In a move that could be in the running for the stupidest decision ever made by a group of people anywhere, House Republicans have voted in favour of allowing people who are certifiably insane to have access to guns. Lawmakers were debating whether or not to strike down a rule from the Obama administration that actively tried to prevent people with certain mental illnesses from having access to firearms. Citing a desire to increase gun ownership under President Trump, the House voted 235-180 in favour of getting rid of the rule.
Let’s go into more detail about the rule the Obama administration enacted. The rule impacted around 75,000 recipients of Social Security that had been diagnosed with having serious mental health conditions. This rule covered people who were considered as clinically unfit to manage their own lives, and included people who were diagnosed with extreme anxiety and/or schizophrenia.
Unsurprisingly the NRA were in favour of House Joint Resolution 40, but so were the ACLU which would imply that this story is more complicated that initially thought. The ACLU’s argument is that: “We oppose this rule because it advances and reinforces the harmful stereotype that people with mental disabilities, a vast and diverse group of citizens, are violent”. I understand this point of view, and when the ACLU said that people on the Terrorist Screening Database (TSDB) should still have access to guns I agreed. The reason was that it sets a dangerous precedent where the state can arbitrarily put your name on a list and restrict your civil liberties.
However on this I disagree with the ACLU. The rule the Obama administration introduced didn’t ban people with mental health conditions from buying guns, but automatically meant they had to have a background check. Also this is different to the (TSDB) debate because the list the government has is not arbitrary. The TDB debate relied on the integrity of a list that was produced by the FBI, without the need for any proof. The rule applying to the Social Security Administration was about a list of people who had been diagnosed by medical doctors as having a serious mental illness. I believe that this is, therefore, is slightly different.
In terms of propagating stereotypes about the disabled, I agree that there needs to be a concerted effort to combat these stereotypes, but stopping background checks for the gun purchases of people with schizophrenia doesn’t do that. The discussion becomes more nuanced when talking about outright bans for gun purchases, because the we need talk about civil rights in relation to rationality, state overreach and other abstract philosophical concepts. Forcing people who have severe anxiety to have a background check before buying an AR15 is not unreasonable, because presumably the only people who would be denied the right to buy a gun would be those who have a history of violent behaviour. I agree with the ACLU that empirical evidence shows that most people with severe mental illnesses are not violent, but the answer isn’t to let everyone have a gun.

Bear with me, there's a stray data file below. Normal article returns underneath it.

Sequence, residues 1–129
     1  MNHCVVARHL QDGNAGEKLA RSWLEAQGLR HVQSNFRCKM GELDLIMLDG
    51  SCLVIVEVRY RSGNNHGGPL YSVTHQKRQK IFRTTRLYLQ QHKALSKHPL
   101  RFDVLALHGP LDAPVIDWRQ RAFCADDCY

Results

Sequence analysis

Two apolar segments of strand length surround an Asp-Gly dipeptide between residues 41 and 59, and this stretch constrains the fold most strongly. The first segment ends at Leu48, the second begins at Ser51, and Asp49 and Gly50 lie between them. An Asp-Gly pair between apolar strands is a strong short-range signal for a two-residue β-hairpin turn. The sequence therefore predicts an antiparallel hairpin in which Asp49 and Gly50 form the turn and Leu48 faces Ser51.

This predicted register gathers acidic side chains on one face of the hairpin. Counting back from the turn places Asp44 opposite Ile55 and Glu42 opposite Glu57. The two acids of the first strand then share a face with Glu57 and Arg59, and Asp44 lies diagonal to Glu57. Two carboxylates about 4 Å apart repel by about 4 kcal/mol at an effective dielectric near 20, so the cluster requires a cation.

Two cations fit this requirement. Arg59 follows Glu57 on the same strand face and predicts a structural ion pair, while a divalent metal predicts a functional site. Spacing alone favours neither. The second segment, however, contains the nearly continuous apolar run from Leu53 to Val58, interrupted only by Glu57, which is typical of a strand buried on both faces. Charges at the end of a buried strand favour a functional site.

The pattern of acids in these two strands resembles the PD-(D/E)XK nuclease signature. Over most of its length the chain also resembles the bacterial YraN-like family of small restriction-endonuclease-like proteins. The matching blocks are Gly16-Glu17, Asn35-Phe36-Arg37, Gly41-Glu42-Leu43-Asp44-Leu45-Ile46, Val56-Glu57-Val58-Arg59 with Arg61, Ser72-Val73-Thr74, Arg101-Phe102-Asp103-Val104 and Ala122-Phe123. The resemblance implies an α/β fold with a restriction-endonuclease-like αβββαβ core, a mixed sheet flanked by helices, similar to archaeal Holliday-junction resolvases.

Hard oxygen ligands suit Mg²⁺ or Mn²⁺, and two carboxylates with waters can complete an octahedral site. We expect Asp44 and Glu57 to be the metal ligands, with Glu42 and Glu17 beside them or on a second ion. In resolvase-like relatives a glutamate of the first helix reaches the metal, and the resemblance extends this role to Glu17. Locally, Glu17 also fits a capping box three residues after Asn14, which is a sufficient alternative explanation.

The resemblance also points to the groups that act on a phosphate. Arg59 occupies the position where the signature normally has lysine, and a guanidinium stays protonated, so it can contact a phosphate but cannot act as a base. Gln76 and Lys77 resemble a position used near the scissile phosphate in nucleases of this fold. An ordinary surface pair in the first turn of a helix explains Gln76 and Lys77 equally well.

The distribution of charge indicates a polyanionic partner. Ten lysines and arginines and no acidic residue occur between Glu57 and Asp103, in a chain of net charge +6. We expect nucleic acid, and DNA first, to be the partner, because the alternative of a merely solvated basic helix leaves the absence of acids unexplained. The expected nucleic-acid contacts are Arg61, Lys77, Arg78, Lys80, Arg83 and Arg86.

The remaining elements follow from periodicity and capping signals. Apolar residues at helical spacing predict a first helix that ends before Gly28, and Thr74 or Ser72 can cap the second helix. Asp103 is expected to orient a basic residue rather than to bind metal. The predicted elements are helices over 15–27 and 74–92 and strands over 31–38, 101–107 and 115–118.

Hopefully you’ll be convinced of my slightly more complicated position, but I also want to mention Republican hypocrisy. When talking about constitutional rights, Republicans often like to talk about ‘original intent’ which is a philosophical view of the US Constitution that privileges what the Founding Fathers would have originally intended. Even if we ignore the obvious epistemological problem of trying to know what the Founding Fathers would think of our modern world, it’s worth talking about who the Founding Fathers were.
The framers of the Constitution and the Bill of Rights were products of the Enlightenment, and as such privileged reason above irrationality. I contend that if the Founding Fathers were asked whether or not to withhold the ability of someone who is insane, which is an extreme form of irrationality, their response would be to side with the Obama administration. The Republicans, who are so concern with ‘original intent’, would have to try and convince me that the Founding Fathers would support the unrestricted right of people who have difficulty ascertaining what is real in the world around them to buy guns. I would like to hear this argument.
The rule struck down by House Republicans is a monumental mistake for the reasons I outlined above. I genuinely cannot see how requiring people who have been diagnosed with a serious mental illness to have a background check when they try and buy a gun is a restriction of freedom. Indeed this rule only applies to people who receive federal funds, and a part of their application for these funds is the professional opinion of a doctor. Republicans have decided to reject the opinion of doctors in order to service the NRA, and although the ACLU also oppose this measure I believe they’re wrong. The Democrats should filibuster the shit out of this in the Senate.